Times Atlas Apologizes for Global-Warming Error

The latest "Times Comprehensive Atlas of the World" shows Greenland with 15 percent less ice cover between 1999 (left) and 2011 (right).
Climate-gate, Himalaya-gate, and now … Atlas-gate?
Publishers of the Times Comprehensive Atlas of the World scrambled Tuesday to correct a controversial statement that Greenland had lost 15 percent of its permanent ice cover over the last 12 years -- an assertion scientists labeled "incorrect and misleading."
The claim came in a HarperCollins press release on the publication of the 13th edition of the atlas, stating that global warming was "turning Greenland 'green.'" The gradual melting was also depicted in the atlas itself, as cartographers carved out huge chunks of ice to reflect the apparent results of a warming planet.
That was a mistake, scientists say.
Poul Christoffersen, a glaciologist at the Scott Polar Research Institute at the University of Cambridge, said the 15 percent decrease in permanent ice cited "is both incorrect and misleading." He believes the actual number is closer to 0.1 percent.
“It is regrettable that the claimed drastic reduction in the extent of ice in Greenland has created headline news around the world,” Christoffersen said. “There is to our knowledge no support for this claim in the published scientific literature.”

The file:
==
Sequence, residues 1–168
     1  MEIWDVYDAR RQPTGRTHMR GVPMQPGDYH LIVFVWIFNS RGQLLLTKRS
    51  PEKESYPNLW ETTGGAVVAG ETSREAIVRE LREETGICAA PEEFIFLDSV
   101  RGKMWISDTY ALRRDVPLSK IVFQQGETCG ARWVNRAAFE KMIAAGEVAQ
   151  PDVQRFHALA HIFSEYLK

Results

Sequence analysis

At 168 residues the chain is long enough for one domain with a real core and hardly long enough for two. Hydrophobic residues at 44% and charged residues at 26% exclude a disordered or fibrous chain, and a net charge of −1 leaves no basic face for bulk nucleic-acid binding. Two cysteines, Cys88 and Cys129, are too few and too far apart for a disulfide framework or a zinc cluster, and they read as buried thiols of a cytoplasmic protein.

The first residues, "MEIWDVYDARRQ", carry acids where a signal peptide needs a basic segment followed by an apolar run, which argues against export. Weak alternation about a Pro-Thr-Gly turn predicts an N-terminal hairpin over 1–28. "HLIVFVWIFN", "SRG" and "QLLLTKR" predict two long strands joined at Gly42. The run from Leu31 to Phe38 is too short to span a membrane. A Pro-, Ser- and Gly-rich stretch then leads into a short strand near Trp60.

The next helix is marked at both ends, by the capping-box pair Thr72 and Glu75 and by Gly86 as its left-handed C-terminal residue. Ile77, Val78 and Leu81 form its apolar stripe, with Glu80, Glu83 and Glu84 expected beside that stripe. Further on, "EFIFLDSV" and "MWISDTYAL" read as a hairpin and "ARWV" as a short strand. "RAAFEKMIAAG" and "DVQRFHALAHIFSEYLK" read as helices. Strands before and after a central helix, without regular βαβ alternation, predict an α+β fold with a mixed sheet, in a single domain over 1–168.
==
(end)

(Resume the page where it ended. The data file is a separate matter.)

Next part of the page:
HarperCollins on Monday tried to justify its position. “We are the best there is. We are confident of the data we have used and of the cartography,” a company spokesman explained to the Guardian. “We use data supplied by the U.S. Snow and Ice Data Center in Boulder, Col. They use radar techniques to measure the permanent ice. We have compared the extent of the ice surface in 1999 with that of 2011. Our data shows that it has reduced by 15 percent. That's categorical.”
But with mounting pressure from the scientific community, the publisher took an about-face one day later, retreating from earlier claims and admitting the company may have been “misleading with regard to the Greenland statistics.” CONTINUE

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